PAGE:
Loudon, Loudon County (WVLT) - Both sides are claiming victory, even though the judge essentially has ruled a contempt charge a draw.
Volunteer TV's Gordon Boyd takes a look at what's behind that, and the rising tensions as the strike nears its third week.
Finances drive much of the frustration as some 200 union pickets have traded, roughly, 13 bucks an hour wages for $150 a week in strike benefits. But the first checks don't come out until Monday.
"You got friends who work in there, you got friends who are striking, you got friends who work in there, you got friends who don't strike, it's a tough situation," says Elmer Collier, who is striking against Maremont after 35 years.
Sherry and Elmer hope Loudon County folks will see that they're striking Maremont on principle.
But after 18 days, "we got families to support and bills to pay, we want our jobs back," Elmer says.
Friday, those tensions find air in court, secured with police officers, where a judge determines a Maremont worker likely had her car vandalized, but that Maremont hasn't proven a former Loudon Police officer was the striker who threw the rock.
"The facts in this case are at least equally balanced," says Chancellor Frank Weaver.
"I think whoever throwed the rock should have faced up to it instead of me having to carry all the burden when I wasn't even there," says Shawn Biven.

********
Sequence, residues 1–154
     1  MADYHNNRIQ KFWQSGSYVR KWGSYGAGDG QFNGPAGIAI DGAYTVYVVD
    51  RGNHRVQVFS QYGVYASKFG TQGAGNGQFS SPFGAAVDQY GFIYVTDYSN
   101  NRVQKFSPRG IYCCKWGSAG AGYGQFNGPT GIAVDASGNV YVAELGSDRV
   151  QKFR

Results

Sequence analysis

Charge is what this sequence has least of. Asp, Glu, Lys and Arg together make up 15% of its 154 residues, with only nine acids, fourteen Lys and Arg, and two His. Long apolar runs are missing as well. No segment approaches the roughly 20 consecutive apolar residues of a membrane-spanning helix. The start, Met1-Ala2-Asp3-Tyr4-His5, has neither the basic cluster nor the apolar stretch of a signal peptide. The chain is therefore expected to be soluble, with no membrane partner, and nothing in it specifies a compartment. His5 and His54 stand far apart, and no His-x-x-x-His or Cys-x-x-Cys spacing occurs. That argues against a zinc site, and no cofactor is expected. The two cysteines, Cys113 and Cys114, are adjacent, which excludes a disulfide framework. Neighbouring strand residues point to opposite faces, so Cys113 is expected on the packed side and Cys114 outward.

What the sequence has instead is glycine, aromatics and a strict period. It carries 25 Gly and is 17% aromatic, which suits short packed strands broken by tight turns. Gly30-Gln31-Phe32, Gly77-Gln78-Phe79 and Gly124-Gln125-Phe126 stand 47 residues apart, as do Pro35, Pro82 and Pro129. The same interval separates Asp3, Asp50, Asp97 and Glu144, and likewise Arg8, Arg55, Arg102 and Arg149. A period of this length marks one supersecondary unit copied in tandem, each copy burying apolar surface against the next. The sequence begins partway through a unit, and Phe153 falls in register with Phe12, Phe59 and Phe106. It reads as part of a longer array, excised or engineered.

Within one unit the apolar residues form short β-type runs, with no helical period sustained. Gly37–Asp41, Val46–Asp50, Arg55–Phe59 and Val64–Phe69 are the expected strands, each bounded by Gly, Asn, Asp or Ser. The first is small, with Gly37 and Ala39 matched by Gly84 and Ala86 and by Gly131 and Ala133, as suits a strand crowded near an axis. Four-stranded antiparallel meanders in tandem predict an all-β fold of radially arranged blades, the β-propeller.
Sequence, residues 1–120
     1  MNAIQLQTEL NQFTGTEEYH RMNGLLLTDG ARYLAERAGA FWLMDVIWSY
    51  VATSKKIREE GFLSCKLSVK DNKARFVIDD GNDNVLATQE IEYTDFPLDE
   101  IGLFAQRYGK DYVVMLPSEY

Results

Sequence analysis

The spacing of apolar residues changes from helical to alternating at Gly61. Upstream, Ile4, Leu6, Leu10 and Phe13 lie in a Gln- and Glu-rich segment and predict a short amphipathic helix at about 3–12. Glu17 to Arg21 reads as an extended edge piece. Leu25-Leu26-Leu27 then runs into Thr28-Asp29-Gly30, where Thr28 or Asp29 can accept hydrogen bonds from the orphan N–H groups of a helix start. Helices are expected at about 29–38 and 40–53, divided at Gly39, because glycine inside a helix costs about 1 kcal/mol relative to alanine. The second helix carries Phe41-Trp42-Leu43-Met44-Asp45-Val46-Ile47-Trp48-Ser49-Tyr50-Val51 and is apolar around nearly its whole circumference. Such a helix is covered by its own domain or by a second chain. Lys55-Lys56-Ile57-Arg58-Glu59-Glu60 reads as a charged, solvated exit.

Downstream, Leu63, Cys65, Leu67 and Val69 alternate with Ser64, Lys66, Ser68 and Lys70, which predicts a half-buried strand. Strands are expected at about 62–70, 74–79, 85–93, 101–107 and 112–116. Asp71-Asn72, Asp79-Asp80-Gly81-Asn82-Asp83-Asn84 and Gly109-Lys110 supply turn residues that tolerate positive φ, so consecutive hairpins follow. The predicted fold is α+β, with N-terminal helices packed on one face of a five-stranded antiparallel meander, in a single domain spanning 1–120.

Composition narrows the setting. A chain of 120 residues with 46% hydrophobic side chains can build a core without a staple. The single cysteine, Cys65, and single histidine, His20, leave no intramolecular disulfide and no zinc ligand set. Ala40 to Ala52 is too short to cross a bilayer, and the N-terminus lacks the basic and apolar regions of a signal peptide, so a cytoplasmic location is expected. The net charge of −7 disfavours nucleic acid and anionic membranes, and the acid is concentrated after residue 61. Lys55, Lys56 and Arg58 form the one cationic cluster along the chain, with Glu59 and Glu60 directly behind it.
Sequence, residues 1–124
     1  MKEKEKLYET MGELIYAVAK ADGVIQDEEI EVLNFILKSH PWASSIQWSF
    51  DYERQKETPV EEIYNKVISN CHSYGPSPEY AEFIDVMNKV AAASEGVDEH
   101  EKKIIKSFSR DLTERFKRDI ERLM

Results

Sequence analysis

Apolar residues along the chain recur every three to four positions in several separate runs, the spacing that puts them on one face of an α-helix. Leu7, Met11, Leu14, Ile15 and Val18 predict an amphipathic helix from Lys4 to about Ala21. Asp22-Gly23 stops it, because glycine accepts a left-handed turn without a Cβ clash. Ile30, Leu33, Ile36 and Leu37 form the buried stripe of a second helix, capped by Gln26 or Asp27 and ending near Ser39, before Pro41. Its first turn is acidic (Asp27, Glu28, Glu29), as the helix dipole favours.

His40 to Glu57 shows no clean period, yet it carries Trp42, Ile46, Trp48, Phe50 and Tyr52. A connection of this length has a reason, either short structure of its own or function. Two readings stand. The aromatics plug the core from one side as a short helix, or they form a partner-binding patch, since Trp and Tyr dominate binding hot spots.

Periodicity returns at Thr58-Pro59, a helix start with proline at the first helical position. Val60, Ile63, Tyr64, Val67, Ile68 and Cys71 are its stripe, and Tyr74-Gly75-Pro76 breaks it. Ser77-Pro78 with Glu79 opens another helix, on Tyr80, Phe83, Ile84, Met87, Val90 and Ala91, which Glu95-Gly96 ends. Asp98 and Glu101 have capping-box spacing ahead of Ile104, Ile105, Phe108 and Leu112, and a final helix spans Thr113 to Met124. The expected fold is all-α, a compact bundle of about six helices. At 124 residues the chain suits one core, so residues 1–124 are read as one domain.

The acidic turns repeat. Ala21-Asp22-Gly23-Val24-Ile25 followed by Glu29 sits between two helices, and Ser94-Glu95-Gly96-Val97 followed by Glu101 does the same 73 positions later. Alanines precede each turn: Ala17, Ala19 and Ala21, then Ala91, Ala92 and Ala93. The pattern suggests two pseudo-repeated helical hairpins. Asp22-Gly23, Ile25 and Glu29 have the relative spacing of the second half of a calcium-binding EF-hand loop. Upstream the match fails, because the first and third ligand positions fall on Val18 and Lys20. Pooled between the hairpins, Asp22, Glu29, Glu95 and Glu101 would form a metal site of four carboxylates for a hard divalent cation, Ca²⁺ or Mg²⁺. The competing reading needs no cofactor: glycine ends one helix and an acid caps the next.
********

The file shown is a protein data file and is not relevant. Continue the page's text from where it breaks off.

"There are people who are not eligible to join the union, and we don't have any animosity towards them at all," says Dale Smallen from Machinist Local #2545.
"But as far as people who were called back from layoff?" Gordon asks.
"They are replacement workers, they are taking their jobs," Smallen says.
Union leaders promise pickets will strike to the judge's rules. No more than 3 pickets per plant entrance. But the numbers game soon may be moot.
"The balls in their court to make an offer," Michael Moschel, Maremont's attorney says. "So far the company has replaced, has hired, 156 permanent replacements."
"What incentive do you have to go back to the bargaining table?" Gordon asks Maremont's owner.
I think these are really good people, I want to grow this facility, these are talented folks with lots of experience," Kenneth Banks says.
Maremont's owner says his customers give him little room to give.
But even if it means working somewhere else, for less, Elmer Collier says he still won't cross the line. "I won't back down on my friends. People in there don't know what friendship is, I know what it is."
Neither Maremont nor the union will say how many of the replacement workers are strikers who crossed the lines.
Maremont has fired Shawn Biven, the striker accused of rock throwing and lawyers say he may face criminal charges.
Maremont lawyers also claim that one worker has had his car burned. Another suffering a house fire, but they're not accusing any strikers directly, of either, yet.
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